Nadja - Excision [Important Records - 2012]Nadja are an extremely prolific act, collaborating with artists far and wide as well as releasing a plethora of solo material, this particular release is essentially a compilation of tracks lifted from vinyl releases and splits over the years and presented in double CD format on Important Records.
Clocking in at just shy of two and half hours of material, this will keep the most hardened fan entertained, whilst offering a solid introduction to the curious listener. Each track presented sits around the 20 minute mark, each one of them lifted from an out or print release from between 2007 and 2009, so they can be heard and enjoyed as intended. Trying to go over a track by track analysis would be fruitless, but for the un-initiated, Nadja specialise in a more ethereal form of drone/doom, not sticking to the general formulae associated with the metal scene in general and choosing to carve their own particular niche, drifting between harsher more noise based excursions and gentle, meditative drones.
The music contained within is certainly not 'harsh' in the very sense of the word, challenging yes, but the moods and atmospheres Nadja conjure up are very soothing and cathartic, drawing you deeper under their spell with each monolithic chord stroke and meticulously crafted feedback manipulation. The main duo of Aidan Baker & Leah Buckareff have become mainstays of the drone scene over the years since the inception of the Nadja project and these select, long lost pieces provide an exemplary display of musicianship and highlight their ability to weave and texture sounds with an ease which is rarely seen these days.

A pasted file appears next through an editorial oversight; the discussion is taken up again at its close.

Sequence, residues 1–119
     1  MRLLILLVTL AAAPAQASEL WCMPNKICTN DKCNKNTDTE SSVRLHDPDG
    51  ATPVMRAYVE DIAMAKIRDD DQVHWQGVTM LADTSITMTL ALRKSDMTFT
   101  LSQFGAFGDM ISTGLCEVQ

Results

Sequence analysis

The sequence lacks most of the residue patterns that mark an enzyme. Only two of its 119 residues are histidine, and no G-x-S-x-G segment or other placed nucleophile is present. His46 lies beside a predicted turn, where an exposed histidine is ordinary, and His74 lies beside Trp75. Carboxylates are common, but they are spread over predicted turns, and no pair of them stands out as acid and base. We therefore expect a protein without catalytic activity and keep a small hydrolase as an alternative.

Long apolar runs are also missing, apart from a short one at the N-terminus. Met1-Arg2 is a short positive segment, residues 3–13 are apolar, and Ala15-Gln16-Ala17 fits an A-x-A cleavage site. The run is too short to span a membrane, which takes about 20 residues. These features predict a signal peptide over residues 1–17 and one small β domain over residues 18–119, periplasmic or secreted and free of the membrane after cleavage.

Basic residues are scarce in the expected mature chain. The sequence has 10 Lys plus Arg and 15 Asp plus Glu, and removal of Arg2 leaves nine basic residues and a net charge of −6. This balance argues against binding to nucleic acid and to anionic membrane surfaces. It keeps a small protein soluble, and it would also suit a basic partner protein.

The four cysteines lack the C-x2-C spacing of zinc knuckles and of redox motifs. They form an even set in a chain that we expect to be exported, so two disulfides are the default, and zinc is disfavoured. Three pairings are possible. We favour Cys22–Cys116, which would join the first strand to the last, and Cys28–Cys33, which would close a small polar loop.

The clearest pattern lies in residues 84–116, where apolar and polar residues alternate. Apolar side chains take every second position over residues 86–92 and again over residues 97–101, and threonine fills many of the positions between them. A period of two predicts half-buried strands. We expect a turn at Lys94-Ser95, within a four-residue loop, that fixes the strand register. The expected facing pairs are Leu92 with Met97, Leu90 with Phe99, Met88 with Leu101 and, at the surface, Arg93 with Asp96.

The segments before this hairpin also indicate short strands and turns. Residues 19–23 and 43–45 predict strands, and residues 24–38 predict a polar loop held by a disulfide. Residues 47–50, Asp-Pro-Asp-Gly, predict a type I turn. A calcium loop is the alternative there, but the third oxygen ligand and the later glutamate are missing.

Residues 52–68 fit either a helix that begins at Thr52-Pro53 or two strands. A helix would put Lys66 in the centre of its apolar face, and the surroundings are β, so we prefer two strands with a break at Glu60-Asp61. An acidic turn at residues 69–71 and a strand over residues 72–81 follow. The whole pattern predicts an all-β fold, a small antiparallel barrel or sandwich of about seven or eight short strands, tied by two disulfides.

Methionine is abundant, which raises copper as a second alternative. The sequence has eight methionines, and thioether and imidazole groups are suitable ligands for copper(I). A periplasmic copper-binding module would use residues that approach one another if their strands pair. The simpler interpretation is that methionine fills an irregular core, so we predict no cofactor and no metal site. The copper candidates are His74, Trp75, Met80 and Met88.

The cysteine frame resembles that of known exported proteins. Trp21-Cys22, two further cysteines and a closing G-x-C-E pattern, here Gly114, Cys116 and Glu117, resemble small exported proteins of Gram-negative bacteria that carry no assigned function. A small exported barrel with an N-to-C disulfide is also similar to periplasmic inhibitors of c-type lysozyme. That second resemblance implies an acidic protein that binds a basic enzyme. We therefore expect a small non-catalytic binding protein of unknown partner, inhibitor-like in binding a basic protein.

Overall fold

The tracks are vast in scope, moving from the industrial squall of 'Kriplyana' to the morose and sparse reflectivness of closing piece 'Clinging to the Edge of the Sky' via the intensity of 'Kitsune (Fox Drone)' - Nadja paint an achingly beautiful and dark landscape, one that you can lose yourself in completely and enjoy every second of it. Probably not the most 'listener friendly' of compilations, relying on the listener investing a lot of energy (and time!) into the work on display, but the effort will yield satisfying rewards...track it down whilst you can!Todd Robinson